An increasingly popular investment is that of buy to let property, with some individuals building a portfolio of rental properties over time. However, like any form of income, there will be various tax implications to bear in mind, including that of capital gains tax.
Buy to let property is generally seen as a medium to long term investment, building on the initial cost of purchase, legal fees and refurbishment to enjoy a regular and decent return over time.
When it comes to disposing of a buy to let property, however, whether by sale or transfer into a company, any resulting gain will generally incur a capital gains tax liability.
Changes to UK tax legislation in recent years have affected the tax situation regarding rental properties. For instance, the phasing out of offset mortgage relief for high earners has increasingly led to the transfer of buy to let property into a limited company as a means to cut levels of tax payable. Such a transfer may still incur a capital gains liability and there are likely to be other tax implications too.
Do you owe capital gains tax on your buy to let property?
When a buy to let property is sold, capital gains tax becomes payable if the property is sold for more than it was purchased for and there is a resulting gain after allowable costs have been deducted.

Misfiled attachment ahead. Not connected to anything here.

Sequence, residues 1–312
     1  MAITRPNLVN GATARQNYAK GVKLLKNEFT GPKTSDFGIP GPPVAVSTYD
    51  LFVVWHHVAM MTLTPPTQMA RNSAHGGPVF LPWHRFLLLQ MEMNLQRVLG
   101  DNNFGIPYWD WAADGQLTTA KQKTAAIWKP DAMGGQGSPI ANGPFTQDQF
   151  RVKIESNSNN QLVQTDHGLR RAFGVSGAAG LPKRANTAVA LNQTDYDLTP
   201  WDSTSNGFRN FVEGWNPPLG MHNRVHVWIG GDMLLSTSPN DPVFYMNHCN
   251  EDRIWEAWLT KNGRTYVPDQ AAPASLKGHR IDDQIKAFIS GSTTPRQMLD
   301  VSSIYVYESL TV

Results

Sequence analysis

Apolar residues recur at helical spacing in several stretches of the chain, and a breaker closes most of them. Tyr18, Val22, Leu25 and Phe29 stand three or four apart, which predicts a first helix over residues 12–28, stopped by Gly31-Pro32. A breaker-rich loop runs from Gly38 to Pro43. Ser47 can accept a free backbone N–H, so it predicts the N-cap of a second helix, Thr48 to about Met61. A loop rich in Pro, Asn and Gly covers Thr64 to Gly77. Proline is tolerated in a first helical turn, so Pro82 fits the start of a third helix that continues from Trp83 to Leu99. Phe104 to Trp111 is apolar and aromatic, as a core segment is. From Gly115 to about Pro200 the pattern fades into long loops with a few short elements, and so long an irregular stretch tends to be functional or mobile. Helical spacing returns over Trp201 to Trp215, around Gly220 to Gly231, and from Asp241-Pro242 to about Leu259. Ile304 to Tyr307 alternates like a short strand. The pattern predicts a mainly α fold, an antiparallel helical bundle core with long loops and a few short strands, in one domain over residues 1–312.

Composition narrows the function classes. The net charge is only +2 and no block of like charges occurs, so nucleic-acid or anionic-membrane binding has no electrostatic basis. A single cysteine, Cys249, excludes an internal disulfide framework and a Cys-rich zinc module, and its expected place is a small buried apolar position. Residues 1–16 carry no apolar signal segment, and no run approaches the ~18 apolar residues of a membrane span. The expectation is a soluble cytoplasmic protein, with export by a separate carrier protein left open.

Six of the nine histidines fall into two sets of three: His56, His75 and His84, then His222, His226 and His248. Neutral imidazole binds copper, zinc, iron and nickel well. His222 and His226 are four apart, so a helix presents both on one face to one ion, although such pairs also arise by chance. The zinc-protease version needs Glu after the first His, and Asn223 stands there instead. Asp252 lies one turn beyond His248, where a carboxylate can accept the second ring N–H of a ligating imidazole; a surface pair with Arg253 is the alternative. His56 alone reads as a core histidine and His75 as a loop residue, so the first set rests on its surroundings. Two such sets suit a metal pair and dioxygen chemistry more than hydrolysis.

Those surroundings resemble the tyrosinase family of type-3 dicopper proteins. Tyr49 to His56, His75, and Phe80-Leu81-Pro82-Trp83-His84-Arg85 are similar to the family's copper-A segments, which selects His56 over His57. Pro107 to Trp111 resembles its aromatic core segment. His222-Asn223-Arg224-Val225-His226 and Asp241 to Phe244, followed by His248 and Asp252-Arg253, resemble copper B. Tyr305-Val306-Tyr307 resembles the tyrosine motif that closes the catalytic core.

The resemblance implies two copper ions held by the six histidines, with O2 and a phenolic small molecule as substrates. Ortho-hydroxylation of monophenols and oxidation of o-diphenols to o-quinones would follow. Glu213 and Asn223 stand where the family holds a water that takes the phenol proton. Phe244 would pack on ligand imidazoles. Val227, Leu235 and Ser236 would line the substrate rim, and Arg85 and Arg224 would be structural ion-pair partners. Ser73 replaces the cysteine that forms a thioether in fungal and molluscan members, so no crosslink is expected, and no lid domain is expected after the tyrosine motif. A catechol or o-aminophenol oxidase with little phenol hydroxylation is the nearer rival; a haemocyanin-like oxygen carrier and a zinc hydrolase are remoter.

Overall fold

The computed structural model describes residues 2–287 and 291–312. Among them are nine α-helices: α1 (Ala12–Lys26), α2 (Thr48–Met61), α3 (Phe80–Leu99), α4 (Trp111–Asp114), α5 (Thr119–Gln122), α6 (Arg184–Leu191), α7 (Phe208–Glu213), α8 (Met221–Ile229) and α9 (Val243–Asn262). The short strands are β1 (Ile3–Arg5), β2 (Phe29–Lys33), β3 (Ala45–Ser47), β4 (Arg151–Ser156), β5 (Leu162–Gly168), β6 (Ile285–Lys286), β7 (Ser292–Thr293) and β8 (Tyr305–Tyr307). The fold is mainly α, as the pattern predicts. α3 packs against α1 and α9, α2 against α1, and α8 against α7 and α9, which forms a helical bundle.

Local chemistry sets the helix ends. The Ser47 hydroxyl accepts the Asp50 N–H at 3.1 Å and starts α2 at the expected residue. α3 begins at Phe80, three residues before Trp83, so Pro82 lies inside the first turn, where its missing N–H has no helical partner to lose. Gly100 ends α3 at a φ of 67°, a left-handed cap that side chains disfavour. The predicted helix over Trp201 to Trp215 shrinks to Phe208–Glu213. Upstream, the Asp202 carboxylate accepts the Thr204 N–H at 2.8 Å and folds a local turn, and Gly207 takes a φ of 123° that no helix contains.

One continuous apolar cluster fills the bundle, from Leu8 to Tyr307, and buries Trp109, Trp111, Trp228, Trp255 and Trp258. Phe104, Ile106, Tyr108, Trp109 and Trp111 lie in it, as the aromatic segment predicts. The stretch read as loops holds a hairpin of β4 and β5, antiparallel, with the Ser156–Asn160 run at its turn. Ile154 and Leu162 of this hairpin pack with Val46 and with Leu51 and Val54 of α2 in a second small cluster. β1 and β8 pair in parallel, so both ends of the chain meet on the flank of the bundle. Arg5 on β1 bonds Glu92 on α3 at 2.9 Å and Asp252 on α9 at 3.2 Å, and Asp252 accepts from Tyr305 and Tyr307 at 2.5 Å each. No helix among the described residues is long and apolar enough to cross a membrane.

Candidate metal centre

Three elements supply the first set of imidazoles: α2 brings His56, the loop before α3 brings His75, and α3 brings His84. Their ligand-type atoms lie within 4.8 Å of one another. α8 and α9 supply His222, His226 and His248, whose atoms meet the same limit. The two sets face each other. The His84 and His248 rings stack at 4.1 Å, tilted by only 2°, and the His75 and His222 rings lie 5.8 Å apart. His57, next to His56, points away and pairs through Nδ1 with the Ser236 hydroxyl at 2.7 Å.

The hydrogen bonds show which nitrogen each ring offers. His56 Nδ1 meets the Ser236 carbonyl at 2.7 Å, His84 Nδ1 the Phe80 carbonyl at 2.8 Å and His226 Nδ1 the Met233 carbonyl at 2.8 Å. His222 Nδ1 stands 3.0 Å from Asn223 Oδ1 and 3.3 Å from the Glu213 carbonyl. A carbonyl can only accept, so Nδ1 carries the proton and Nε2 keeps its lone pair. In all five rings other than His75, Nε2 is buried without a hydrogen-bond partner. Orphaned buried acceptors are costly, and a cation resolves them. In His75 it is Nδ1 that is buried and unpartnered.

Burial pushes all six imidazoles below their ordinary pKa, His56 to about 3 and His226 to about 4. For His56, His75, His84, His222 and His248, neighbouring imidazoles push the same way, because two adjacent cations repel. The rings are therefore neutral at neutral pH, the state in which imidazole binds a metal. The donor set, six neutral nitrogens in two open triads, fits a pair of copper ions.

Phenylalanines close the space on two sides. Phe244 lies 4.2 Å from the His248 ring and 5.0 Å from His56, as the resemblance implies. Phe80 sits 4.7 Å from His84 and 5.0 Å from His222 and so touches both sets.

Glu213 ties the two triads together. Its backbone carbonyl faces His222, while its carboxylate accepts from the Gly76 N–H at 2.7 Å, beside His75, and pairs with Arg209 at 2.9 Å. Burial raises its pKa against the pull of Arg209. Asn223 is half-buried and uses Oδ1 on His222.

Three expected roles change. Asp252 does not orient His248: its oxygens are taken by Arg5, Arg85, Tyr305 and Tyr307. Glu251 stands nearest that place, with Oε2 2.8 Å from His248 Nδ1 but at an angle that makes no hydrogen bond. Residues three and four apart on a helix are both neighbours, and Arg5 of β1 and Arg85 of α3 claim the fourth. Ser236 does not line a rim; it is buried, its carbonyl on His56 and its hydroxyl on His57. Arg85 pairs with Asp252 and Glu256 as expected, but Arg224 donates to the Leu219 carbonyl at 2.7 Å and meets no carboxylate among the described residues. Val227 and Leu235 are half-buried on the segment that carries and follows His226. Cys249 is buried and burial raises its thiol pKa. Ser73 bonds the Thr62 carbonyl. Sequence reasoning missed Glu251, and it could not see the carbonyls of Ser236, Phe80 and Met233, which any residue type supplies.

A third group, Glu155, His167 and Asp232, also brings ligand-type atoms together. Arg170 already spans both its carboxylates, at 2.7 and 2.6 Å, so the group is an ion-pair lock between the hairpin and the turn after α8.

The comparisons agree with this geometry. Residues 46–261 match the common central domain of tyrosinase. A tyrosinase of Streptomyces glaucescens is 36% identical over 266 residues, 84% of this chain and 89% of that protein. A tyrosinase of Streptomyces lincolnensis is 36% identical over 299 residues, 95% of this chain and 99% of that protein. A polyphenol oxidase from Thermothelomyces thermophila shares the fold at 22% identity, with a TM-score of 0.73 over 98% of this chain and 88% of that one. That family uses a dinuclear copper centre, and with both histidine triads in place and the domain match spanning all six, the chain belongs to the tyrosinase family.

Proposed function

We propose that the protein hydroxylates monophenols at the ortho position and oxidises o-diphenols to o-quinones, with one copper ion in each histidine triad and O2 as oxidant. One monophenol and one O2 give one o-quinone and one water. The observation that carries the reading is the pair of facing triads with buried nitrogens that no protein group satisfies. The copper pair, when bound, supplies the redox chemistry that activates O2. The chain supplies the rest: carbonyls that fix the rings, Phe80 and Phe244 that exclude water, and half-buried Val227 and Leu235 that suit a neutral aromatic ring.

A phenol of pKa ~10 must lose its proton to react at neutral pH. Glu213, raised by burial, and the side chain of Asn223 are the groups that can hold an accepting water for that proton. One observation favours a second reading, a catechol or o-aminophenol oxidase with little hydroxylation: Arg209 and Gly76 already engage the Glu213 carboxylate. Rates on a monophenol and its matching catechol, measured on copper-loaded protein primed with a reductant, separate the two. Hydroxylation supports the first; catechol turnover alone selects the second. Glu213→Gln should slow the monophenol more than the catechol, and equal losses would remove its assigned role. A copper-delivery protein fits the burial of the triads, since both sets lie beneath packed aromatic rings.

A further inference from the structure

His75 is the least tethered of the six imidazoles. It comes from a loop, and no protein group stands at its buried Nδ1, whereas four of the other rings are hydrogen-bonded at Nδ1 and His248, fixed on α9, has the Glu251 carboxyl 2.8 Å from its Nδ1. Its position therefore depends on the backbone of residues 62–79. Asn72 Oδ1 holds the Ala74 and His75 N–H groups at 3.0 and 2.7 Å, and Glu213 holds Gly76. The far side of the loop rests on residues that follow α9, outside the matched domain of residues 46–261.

Such allowable costs include:
- Solicitor’s fees
- Estate agency fees
- Stamp duty
- Advertising costs
- Improvements to the property for the purpose of raising its value
- Losses made on the sale of buy to let properties in previous years
Capital gains tax has applied to both UK resident and non resident individuals owning rental property since April 2015, when the relevant tax legislation was altered to include non residents within the reach of UK capital gains tax on the sale of a rental property. However, this is only for gains received since April 2015. Where a rental property was owned prior to that date, the amount subject to capital gains tax must be calculated for both prior to and after April 2015.
Any property that is not a main residence, that is, the owner’s main home, is subject to capital gains tax. Besides buy to let property, this could include holiday lets, business premises, land, inherited property, or second homes.
Under Private Residence Relief, the sale of your main home does not trigger capital gains tax, as long as:
- you own one home only, which you have occupied during the period of ownership
- no portion of your home has been rented out, with the exception of taking on a single lodger
- no portion of your home has been used for business purposes only
- the grounds, including any buildings sited in the grounds, are under 5,000 square metres
- the property was not purchased with the intention of making a gain from its sale
How changes in legislation have affected buy to let owners
The capital gains tax rates relating to gains made from the disposal of assets was lowered in April 2016 to 10% for basic rate taxpayers and 20% for higher rate taxpayers. Unfortunately, this change did not roll over to gains made from the disposal of property that is not your main home, and the corresponding capital gains tax rates remained at 18% for basic rate taxpayers and 28% for higher rate taxpayer, in effect imposing an 8% capital gains surcharge on UK landlords.